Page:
Three camera-carrying cars were employed; Among them were McQueen’s own ex-Sebring 908 Spyder, which, equipped with three different cameras, actually ran the ’70 race. Its bodywork was configured to shield the cameras, fore, and aft. No matter, the tidy 908, ably driven by Herbert Linge and Johnathan Williams, kept up with the action, stayed clear of trouble, and finished an amazing 9th overall.
Among the trio of Porsche 917s that Solar Productions had under its command for post-race filming action, one of them served as a high-speed camera car, fitted with an innovative articulated camera rig that could be swung from side to side, allowing the cinematographers to capture high-speed action with the fastest of the cars.
Today this sort of rigging is common for action filming; it was unheard of for 1970. The Solar crew also used a reconfigured GT40 to chase down and photograph the panoply of Porsches, Ferraris, Corvettes, Matras, and others that appeared in the post-race action sequences.
It’s a bit of a miracle that the film was ever completed, given that the production was over budget, and behind schedule.
Filming began with a pretty thin script, so scenes were being written and rewritten every day, on the fly. McQueen and director Sturges were constantly at odds, so much so that one day, Sturges called a halt, and quit.
Lee Katzin replaced him. Amid the background noise was that McQueen’s marriage to first wife, singer/dancer/Broadway star Neile Adams, was disintegrating. Le Mans was completed and released primarily due to Steve McQueen’s sheer force-of-nature will and commitment to the project.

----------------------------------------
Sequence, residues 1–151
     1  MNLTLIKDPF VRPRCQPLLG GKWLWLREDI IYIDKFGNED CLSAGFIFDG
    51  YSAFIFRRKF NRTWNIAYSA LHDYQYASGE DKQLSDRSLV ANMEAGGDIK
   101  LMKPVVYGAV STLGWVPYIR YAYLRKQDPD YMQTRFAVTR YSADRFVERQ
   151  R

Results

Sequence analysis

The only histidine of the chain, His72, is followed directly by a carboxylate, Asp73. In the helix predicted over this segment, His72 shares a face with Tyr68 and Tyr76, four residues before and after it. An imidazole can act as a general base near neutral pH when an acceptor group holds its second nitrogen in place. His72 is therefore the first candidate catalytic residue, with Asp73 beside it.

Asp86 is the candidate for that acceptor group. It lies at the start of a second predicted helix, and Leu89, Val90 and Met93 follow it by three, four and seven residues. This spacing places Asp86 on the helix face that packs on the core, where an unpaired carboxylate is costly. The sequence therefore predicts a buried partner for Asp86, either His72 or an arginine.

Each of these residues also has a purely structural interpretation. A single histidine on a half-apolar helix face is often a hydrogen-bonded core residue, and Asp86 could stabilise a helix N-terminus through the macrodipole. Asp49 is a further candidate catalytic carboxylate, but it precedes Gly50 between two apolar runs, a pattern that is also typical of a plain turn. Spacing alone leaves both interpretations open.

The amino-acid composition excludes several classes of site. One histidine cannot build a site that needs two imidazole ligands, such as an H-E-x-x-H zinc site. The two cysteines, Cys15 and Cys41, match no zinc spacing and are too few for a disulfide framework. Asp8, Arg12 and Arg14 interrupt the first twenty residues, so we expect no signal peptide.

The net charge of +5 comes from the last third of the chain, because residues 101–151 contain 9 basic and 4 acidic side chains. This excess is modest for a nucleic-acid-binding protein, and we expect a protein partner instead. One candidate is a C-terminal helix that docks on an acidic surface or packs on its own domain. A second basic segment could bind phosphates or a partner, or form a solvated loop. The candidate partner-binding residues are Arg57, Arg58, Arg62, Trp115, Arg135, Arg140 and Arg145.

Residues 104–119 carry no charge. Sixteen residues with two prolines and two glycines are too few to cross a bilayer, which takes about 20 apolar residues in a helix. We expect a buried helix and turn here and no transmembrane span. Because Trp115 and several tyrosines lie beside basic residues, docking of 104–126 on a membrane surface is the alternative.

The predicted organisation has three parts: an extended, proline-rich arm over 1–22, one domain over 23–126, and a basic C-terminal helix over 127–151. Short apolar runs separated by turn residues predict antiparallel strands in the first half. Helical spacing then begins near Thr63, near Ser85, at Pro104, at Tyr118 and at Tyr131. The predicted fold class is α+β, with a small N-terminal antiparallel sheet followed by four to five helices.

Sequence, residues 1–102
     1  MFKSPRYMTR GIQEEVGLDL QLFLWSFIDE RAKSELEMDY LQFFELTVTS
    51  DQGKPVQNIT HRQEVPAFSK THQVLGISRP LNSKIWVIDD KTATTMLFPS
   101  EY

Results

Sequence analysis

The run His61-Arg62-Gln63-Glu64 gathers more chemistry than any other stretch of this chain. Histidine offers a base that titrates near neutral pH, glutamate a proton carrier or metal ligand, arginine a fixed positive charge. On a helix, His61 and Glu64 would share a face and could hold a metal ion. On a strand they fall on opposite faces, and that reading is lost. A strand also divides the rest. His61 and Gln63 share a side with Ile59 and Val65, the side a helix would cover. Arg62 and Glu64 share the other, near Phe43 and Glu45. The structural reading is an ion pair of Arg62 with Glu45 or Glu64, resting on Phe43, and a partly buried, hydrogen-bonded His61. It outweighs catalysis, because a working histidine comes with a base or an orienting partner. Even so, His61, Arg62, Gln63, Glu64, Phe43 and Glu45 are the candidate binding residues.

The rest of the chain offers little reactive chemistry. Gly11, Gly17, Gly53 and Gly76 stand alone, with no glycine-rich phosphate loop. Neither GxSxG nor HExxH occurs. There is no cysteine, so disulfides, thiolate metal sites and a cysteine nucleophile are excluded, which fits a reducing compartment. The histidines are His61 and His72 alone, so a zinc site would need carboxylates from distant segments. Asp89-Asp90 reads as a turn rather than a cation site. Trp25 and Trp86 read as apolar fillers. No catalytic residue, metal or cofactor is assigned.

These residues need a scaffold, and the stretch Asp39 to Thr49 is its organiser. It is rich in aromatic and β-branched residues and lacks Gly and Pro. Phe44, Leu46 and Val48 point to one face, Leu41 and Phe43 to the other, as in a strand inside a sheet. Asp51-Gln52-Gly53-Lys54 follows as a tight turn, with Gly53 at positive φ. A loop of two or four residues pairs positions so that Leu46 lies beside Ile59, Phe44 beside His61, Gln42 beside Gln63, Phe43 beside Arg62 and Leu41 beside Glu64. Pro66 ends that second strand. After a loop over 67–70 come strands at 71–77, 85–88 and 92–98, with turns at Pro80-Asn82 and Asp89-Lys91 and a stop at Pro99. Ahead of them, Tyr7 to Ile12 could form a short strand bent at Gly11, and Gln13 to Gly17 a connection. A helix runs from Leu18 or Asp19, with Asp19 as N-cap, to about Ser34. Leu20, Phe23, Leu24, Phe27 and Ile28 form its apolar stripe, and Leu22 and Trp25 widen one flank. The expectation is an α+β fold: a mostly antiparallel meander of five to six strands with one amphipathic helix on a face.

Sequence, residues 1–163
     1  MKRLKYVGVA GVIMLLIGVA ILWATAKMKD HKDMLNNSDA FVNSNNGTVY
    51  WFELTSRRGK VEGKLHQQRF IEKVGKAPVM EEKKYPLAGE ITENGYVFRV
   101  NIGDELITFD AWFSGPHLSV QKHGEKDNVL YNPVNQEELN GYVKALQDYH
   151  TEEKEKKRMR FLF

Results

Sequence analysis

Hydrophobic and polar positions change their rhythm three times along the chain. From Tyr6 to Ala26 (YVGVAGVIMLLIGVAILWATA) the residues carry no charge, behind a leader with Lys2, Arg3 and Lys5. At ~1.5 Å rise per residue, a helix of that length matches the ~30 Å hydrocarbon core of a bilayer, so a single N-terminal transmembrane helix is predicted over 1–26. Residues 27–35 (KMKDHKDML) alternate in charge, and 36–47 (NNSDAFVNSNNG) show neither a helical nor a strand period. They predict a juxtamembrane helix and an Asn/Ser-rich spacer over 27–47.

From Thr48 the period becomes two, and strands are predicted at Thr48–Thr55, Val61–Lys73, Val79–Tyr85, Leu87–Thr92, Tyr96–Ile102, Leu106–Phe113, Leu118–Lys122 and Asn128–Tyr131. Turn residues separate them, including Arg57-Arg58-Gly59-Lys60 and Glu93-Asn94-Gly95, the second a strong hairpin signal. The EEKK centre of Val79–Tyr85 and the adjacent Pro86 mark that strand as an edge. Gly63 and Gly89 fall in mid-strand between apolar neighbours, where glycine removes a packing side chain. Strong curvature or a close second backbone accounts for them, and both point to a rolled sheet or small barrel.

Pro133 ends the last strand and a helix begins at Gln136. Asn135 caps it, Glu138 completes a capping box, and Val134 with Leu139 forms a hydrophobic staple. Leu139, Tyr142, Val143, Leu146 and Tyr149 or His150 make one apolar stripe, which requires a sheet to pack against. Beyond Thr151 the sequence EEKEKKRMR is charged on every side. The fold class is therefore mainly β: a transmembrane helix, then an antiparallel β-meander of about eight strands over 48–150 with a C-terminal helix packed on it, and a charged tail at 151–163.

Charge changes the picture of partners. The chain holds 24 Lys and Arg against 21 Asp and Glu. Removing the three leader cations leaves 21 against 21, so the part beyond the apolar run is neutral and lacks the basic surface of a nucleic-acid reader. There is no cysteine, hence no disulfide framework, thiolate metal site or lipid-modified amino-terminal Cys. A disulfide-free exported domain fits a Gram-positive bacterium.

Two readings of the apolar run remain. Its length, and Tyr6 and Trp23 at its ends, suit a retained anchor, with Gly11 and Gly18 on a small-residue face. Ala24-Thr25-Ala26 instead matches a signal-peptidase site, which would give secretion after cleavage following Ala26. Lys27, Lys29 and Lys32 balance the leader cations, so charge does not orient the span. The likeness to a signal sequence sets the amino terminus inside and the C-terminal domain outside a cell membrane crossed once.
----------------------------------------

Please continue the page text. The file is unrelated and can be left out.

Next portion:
Of huge significance is the roster of then current pros who served as action and stunt drivers in the production; they include 1970 race winner Richard Attwood, Jurgen Barth, Derek Bell, Paul Blancpain, Vic Elford, Masten Gregory, Jacky Ickx, Jean-Pierre Jaouille, Gerard Larrousse, Herbert Ling, Herbert Muller, Mike Parks, David Piper, Brian Redman, Jo Siffert, Rolf Stommelen and Johnathan Williams, to name most.
Chad McQueen remembers every minute of his summer in France, with his family on the Le Mans set, surrounded by so many great cars and legendary drivers.
“My dad put me on his lap in the 917, and he of course shifted and worked the pedals, but I had my hands on the steering wheel, with his hands just ‘ghosting’ mine. I was guiding the car, but he was right there ready to step in if needed. We ultimately hit 100 mph, and I’ll never forget the sound, smell, sight and feeling of that moment, driving a Porsche 917 with my dad.
Five-times Le Mans winner Sir Derek Bell summarizes the film succinctly:
“Le Mans is a bit like a bottle of really good French wine – it may have been a bit tart when first vinted, but has grown and aged memorably with time, thus great to enjoy over and over again.”
[Photography Matt Stone and Courtesy of the Brumos Collection, Porsche Werekfoto, and the McQueen Family Collection]